Mariah Robertson, Hot Tropical Rain Jam @Museum 52

JTF (just the facts): A total of 5 large scale color works, framed in white and unmatted (except for the large installation which is alternately pinned to the wall and draped over a wooden rod), and hung/leaned in the small two room gallery space. All of the works are unique c-prints on metallic paper, made in 2011. The framed images are either “small” (59×74 or 81×51) or “large” (61×105 or reverse), while the installation work has dimensions of 1968×50 (if it was entirely unrolled). (Installation shots at right.)

Comments/Context: This is the third time I’ve seen Mariah Robertson’s work in the past couple of years, and each time I see it, I come away more interested in what she is doing. I attribute this increasing attention on my part to the fact that the work is a significant and radical departure from most of the current commonly held tenets of contemporary photography. It is unabashedly analog, it is process and materials centric without being perfectionist or reverently recreationist, it disregards the traditional definition of a frame (when was the last time you saw a 150 foot long photograph?), and it is mixes abstraction and representation in an unorthodox manner, overlayed with a healthy dollop of gestural expressionism. In short, it’s about as contrarian as you could get in today’s over-sharpened digital world.

I’ve been racking my brain for analogies and precedents for Robertson’s work, and all I can come up with is a mash-up of Robert Rauschenberg’s silkscreen rebuses, Hy Hirsch’s visual music stills, and any number of photogram/darkroom experimenters, executed in one long Kerouac stream of consciousness flow (I would use the word expressionist more liberally here, but I think that this particular word has recently been co-opted in a photographic sense to mean painterly Photoshop smudges, which isn’t at all what this work is about). These works juxtapose saturated color blocks, chemical splashes, spills and drips, angular geometric shapes and stripes, negative images, and laser pen scratches into one fluid and hypnotic frieze, which is either chopped up into single ideas or allowed to run free in rhythmic metallic billows.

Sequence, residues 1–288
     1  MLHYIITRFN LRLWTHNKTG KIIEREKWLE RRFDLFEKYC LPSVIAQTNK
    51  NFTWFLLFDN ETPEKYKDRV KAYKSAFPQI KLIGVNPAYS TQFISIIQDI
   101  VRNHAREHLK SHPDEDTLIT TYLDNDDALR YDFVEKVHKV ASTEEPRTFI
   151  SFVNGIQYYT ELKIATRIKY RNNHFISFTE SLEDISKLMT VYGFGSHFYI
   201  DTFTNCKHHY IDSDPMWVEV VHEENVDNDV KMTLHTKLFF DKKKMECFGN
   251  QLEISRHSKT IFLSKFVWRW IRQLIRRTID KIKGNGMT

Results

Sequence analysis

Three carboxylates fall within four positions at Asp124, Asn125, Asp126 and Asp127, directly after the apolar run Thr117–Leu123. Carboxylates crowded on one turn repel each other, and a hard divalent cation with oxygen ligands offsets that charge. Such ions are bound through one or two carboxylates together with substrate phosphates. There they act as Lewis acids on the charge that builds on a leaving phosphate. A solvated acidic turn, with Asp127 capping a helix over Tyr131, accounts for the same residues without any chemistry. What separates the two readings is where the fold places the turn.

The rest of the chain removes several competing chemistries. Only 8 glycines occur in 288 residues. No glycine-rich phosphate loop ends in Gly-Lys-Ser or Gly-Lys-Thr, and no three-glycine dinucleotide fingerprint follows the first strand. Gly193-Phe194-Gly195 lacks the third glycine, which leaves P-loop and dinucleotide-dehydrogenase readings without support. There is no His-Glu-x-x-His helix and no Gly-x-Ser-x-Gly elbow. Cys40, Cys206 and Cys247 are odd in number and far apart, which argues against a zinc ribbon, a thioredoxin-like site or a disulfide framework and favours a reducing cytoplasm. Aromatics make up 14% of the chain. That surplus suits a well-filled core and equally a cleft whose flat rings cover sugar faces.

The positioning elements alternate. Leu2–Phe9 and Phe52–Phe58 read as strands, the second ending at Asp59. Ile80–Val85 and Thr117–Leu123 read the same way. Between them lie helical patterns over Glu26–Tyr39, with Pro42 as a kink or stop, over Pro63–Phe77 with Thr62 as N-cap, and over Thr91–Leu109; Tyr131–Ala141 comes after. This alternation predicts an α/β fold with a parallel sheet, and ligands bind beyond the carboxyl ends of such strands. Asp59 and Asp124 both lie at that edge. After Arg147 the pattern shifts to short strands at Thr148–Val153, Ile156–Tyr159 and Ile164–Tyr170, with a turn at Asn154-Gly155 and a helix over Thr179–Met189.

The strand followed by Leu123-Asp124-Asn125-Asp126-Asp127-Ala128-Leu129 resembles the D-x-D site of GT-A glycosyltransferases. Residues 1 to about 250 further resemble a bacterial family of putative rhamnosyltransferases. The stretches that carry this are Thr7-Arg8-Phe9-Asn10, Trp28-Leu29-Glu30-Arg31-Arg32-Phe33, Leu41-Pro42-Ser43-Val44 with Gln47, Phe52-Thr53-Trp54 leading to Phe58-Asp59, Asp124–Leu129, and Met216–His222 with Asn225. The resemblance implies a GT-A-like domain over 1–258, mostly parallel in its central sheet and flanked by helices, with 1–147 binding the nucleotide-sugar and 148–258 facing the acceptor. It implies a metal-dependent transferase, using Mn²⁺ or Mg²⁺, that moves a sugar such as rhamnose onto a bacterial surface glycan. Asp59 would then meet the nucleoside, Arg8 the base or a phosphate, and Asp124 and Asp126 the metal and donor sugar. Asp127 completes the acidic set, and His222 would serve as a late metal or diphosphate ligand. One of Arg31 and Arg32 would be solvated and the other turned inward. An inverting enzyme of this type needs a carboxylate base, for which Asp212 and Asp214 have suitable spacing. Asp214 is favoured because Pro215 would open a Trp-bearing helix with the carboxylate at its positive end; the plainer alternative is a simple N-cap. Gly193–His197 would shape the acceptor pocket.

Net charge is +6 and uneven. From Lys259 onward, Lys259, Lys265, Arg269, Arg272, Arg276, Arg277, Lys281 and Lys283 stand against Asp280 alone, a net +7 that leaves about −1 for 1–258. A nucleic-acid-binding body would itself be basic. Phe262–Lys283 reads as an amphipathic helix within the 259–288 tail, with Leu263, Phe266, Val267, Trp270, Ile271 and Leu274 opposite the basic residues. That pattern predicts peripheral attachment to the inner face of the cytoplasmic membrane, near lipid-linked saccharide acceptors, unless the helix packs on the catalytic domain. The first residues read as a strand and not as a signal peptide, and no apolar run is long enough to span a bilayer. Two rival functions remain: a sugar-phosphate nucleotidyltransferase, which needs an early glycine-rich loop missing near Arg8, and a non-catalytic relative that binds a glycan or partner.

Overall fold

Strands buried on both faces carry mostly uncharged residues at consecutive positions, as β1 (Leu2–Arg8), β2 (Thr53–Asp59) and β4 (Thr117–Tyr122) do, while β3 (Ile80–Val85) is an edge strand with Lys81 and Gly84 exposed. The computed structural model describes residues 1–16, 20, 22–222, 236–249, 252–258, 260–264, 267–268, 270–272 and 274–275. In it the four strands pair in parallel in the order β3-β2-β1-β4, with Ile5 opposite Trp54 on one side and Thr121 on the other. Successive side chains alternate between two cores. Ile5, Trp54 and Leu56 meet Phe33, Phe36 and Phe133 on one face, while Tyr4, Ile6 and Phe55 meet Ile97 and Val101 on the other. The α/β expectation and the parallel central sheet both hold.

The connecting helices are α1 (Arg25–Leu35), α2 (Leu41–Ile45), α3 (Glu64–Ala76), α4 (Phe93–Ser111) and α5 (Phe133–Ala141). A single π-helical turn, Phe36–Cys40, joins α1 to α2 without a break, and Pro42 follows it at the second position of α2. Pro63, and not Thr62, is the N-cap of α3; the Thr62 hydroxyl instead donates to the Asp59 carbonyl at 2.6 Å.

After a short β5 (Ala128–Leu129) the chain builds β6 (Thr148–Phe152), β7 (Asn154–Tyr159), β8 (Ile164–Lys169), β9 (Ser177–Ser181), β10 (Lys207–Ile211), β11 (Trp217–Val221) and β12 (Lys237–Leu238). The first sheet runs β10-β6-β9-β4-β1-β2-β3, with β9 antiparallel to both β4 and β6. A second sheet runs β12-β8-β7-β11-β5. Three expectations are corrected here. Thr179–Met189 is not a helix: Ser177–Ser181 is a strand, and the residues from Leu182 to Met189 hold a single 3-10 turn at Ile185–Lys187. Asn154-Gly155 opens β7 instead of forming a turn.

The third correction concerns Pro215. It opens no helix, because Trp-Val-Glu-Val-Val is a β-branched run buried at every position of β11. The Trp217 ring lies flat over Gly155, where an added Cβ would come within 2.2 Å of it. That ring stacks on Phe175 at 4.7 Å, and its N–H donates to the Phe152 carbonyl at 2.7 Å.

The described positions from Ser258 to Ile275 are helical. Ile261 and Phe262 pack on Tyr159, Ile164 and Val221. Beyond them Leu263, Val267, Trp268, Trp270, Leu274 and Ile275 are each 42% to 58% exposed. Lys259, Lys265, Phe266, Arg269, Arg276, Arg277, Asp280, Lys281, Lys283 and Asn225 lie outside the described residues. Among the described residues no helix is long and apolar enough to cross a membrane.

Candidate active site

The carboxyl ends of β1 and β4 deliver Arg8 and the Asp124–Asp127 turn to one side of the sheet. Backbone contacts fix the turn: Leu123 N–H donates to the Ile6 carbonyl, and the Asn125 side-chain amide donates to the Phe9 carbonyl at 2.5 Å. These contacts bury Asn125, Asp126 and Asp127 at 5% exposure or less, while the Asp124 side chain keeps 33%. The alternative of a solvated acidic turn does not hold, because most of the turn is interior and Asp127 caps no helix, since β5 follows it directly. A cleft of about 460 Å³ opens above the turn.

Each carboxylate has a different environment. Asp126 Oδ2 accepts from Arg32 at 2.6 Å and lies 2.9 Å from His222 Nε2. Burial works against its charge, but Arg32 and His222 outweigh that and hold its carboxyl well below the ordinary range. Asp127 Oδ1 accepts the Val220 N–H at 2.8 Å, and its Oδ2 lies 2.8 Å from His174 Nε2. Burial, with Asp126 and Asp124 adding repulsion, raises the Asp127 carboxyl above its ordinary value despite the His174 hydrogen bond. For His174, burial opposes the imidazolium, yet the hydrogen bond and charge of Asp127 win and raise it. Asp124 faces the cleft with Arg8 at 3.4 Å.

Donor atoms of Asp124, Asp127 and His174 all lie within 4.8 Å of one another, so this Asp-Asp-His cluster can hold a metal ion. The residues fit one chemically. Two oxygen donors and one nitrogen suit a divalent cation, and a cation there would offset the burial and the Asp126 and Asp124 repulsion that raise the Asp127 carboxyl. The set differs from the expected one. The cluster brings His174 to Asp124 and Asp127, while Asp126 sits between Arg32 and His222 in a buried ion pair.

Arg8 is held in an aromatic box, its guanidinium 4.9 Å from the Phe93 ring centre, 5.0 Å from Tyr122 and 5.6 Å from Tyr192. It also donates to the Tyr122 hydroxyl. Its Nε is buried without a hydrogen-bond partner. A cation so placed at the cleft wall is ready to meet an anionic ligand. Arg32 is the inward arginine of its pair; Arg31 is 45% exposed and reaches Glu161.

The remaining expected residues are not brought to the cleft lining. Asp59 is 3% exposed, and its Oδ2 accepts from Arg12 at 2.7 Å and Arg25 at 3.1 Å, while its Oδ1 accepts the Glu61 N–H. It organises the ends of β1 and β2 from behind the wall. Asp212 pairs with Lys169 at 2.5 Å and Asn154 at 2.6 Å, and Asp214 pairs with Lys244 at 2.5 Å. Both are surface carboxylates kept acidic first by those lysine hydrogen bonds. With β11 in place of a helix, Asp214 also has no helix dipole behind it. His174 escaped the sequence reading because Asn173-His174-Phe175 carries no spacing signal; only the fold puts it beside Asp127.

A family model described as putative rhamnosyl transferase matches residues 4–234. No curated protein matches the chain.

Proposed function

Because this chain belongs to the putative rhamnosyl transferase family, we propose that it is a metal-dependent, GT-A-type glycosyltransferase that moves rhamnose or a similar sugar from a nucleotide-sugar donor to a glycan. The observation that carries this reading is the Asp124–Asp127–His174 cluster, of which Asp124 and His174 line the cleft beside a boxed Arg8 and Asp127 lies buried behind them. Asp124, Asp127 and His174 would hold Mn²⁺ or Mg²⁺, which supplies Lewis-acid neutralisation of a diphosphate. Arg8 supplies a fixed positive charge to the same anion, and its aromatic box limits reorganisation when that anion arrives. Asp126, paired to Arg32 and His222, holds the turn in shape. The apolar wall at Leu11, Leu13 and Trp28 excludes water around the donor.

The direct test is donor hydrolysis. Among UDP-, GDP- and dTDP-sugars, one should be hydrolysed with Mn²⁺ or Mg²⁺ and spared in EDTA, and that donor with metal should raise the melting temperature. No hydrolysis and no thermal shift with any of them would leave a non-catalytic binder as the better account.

These newer works seem slightly more exuberant and lively than the last batch I saw, perhaps a little less self-consciously mannered and a bit more chaotic; new visual ideas are being incorporated and the recipe is getting more complicated and flavorful. Overall, I think it’s still very much a work in progress, but given the risks she’s taking, the odds are getting better that she will end up somewhere durably original.

Collector’s POV: The works in this show are priced as follows. The “small” images are $14000 each, the “large” images are $16000 each, and the installation piece in the back is $30000. Robertson’s work is not readily available in the secondary markets, so gallery retail is likely the only option for interested collectors at this point.

While I certainly enjoyed many of the framed images in this exhibit, I suppose my favorite work was the big installation (9, 2011); it’s in the top installation shot. While the other works are relatively controlled, self-contained artistic thoughts, the installation has a looser, more improvisational feel that isn’t often associated with photography; yes, it’s messy, uneven, and sometimes hard to decipher, but the swirl of color and chemistry has a raw, physical energy that is surprisingly magnetic.

Rating: * (one star) GOOD (rating system described here)
Transit Hub:
  • Artist site (here)
  • Marvelli Gallery show, 2009 (DLK COLLECTION review here)
Through March 25th
4 East 2nd Street at Bowery
New York, NY 10003

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JTF (just the facts): A total of 6 large scale black-and white photographs, framed in thick black wood and unmatted, and hung against white walls in a single room gallery ... Read on.

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